Also, the shared avoidance of risk has yielded a pre-occupation with efficiency rather than quality and innovation, and an orientation towards detailed forms of control that are suffocating professional work and innovation.[v]

So, the compulsion and suffocation by the established order, constraining deviance and rebellion, derive from  a degenerate form of capitalism.  

[i] See Mari Ruti, 2015, Between Levinas and Lacan; Self, other, ethics’, Bloomsbury.
[ii] The same, p. 90.
[iii] The same, p. 133.
[iv] Bart Nooteboom, 2014, paperback 2015, How markets work and fail, and what to make of them, Edward Elgar.
[v] I have been conceptually developing and promoting leaner, more trust-based forms of ‘horizontal control’. See item75 in this blog. 

Sunday, November 1, 2015

224. Ethics and justice

As discussed in item 62 of this blog, Levinas made a sharp distinction between his ethics of the face of the individual, and public justice that transcends individuals. Is this distinction viable? To quote Mari Ruti: ‘Ethics and justice are irreconcilable but also indissociable’.[i]  

There are good reasons for the distinction. Justice, in laws, should be regardless of interest or position, to avoid class justice, cronyism, corruption, … Laws are intentionally impersonal, without regard to the Levinassian face.

In this blog, I criticized the strict universality of Kantian duty ethics, but there is a kernel of truth in it. What is just should not depend on individual interests and emotions. However, while I would apply that to laws, I do not apply it to ethics.[ii]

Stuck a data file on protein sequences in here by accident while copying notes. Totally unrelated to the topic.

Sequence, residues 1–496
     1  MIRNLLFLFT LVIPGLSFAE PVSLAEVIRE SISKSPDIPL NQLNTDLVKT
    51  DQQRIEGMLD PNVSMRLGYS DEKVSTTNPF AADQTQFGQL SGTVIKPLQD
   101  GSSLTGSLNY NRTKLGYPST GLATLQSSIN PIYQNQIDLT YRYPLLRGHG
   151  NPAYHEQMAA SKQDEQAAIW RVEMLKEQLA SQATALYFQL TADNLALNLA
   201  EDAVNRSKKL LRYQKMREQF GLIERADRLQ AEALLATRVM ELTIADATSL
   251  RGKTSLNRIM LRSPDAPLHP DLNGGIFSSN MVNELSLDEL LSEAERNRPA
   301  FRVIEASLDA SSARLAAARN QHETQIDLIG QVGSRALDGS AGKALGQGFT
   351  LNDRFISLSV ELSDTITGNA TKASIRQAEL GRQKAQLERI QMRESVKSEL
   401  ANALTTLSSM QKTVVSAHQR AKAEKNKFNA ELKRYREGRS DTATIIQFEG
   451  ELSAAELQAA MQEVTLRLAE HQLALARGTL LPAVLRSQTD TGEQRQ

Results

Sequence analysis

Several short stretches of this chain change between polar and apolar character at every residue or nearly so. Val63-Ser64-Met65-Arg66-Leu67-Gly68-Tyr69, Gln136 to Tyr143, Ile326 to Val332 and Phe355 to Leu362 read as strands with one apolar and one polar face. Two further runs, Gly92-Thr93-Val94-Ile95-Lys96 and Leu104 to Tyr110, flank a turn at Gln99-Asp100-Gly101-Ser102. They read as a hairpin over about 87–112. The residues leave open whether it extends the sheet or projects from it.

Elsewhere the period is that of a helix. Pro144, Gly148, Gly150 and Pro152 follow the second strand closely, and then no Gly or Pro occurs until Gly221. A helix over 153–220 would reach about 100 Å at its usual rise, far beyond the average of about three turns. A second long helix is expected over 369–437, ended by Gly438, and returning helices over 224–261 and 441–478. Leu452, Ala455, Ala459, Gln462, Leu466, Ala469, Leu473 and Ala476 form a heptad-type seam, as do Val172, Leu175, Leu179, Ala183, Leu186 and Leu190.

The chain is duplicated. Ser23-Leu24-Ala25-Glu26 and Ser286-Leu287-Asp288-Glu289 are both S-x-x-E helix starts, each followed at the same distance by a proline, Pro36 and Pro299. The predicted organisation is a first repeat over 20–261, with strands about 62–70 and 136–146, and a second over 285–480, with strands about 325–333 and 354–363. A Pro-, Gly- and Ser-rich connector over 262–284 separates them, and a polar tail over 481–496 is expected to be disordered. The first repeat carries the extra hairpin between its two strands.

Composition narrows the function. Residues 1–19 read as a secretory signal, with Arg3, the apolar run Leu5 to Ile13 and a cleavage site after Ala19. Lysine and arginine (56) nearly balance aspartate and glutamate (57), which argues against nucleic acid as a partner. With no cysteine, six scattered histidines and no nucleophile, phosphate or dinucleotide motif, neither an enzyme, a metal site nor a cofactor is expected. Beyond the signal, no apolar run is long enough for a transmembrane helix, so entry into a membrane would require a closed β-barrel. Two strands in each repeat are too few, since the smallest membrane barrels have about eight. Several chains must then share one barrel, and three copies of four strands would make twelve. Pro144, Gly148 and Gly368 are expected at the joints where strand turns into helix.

While Levinas sharply distinguished between ethics and justice, he did not separate them. Voices from the ethic of the other should continue to inject their spirit in the formation and application of systems of justice. To repeat a quote from Levinas: ‘One sometimes hears them in the cries that rise from the folds of politics that, independently from official institutions, defend “human rights”; sometimes in the songs of poets; sometimes simply in the press and in the public spaces of liberal states ...’[iii] The ethics of the individual forms the conscience of collective justice.

There is a need to continually mediate between ethics and justice, to fritter ethically at the boundaries of the law. This is nothing unusual: judges do it all the time, trying to apply the law not only to the letter but also to the spirit behind it, taking into account personal conditions.  

For an illustration of the problem, see the present efforts to accommodate the hosts of refugees streaming into Europe. From an ethics of compassion, laws and rules are bent, but this imposes great stress on feelings of justice among the population, where people have to allow precedence to refugees in the allocation of housing and jobs.

So, what more can be said about how are ethics and justice are related? As elsewhere in this blog, I take a dynamic approach: how do they affect each other in their development? For this I have two proposals.

First, I go back to my discussion of meaning, earlier in this blog, where I picked up the distinction between sense and reference, taken from the work of Frege, but with a twist (item 32). As is customary, I took reference to be what a term or expression is intended to refer to (or the truth value of a proposition). Less customary, perhaps, I took sense as the way in which identity is identified, or truth established. Reference is public, outcome of intersubjective agreement. Sense is private, tapping from personal repertoires of associations collected along one’s life path. People individually construct what is to be intersubjectively agreed.